In 2005, the TX Crim App had a second look at Benn’s sleeping issue in a post-conviction habeas setting. The appeals court concluded: “We agree that applicant did not have Mr. Benn’s active assistance during his postprandial naps and that those naps occurred during ‘critical stages’ of his trial.”


But the TX Crim App once again said since “second chair” counsel was wide awake during Benn’s “postprandial naps,” McFarland did not suffer any “prejudice” because, as Benn himself put it, the 72-year-old attorney liked taking “afternoon naps,” even during a death penalty trial.


On February 14, 2022, the Fifth Circuit Court of Appeals, in a ruling indicative of that court’s political ideology, agreed with the TX Crim App. The appeals court pointed out that it could not locate any case “where a sleeping co-counsel” would trigger the kind of prejudice needed to upset a guilty verdict. 


Against that legal backdrop, the Fifth Circuit concluded that McFarland had failed the surmount the high bar of deference the federal court had to give to the TX Crim App’s handling of the sleeping counsel issue.


Sleeping Lawyer More Dangerous Than Absent One


The Fifth Circuit’s ruling in the McFarland case is head-scratching because more than two decades ago, the court reversed a death penalty conviction obtained against Calvin Gerold Burdine by Harris County prosecutors because Burdine’s appointed counsel “slept repeatedly throughout the guilt-innocence phase of his 1984 capital murder trial.”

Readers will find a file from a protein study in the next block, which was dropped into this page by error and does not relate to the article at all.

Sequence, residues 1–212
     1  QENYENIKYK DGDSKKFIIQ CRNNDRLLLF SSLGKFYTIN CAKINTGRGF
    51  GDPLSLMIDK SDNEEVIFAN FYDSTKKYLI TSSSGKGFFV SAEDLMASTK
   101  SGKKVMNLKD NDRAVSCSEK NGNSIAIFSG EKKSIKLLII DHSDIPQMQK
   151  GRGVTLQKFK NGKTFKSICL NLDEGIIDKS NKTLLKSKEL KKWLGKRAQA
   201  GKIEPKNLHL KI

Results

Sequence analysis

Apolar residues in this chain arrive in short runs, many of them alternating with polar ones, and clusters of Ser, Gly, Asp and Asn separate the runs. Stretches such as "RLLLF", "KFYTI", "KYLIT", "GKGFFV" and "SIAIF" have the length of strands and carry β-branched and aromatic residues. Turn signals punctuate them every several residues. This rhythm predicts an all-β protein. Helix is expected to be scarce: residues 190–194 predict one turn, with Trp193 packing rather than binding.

In the Burdine decision, the majority of the court found that “a lawyer asleep in the courtroom is more harmful than one who is physically absent.” However, justices dissented vigorously, concluding much like the TX Crim App that an attorney sleeping during a death penalty trial does not necessarily result in the trial “losing its character as a confrontation between adversaries, nor [does] it render the trial fundamentally unfair.”


“Only in Texas” can you find two death penalty cases where attorneys slept during the trials. Both cases were prosecuted by the Harris County District Attorney’s Office under the leadership of Johnny Holmes, a district attorney. His 21-year career as D.A. was marred with innumerable instances of prosecutorial misconduct. The Holmes DA’s Office obtained more than 200 death penalty convictions, resulting in executions of at least seven innocent men for crimes they did not commit.


There is a singular, although stark, contrast in the Burdine/McFarland cases.


Many believed that Burdine, an openly gay white man, was targeted by Holmes for prosecution because of Burdine’s sexual orientation. The prosecutor argued against a life sentence and said prison is “fun” for gay men.


On the other hand, Holmes targeted McFarland, a black man, for prosecution in the Kenneth Kwan murder case because he was the “most criminal” of the three black men suspected of being involved in Kwan’s murder.


Here’s the social rub in the two cases: 


Burdine, the white man, was given a new trial and released from death after more than two decades of custody. McFarland, the black man, was denied a new trial and remains on death row, where he has been for more than 29 years. 


Burdine, the white man, was freed; McFarland, the black man, will be executed.


Holmes’ prosecutors in both cases never conclusively proved beyond a reasonable doubt that either Burdine or McFarland were the actual killers. Both were the only ones chosen for prosecution, although other suspects could have been the actual killers. 


But there is one undeniable similarity in both cases: the two men were convicted and sentenced to death because their attorneys slept during their trials.


Yet, “only in Texas” will the courts allow the white man to go free while sending the black man to the death house.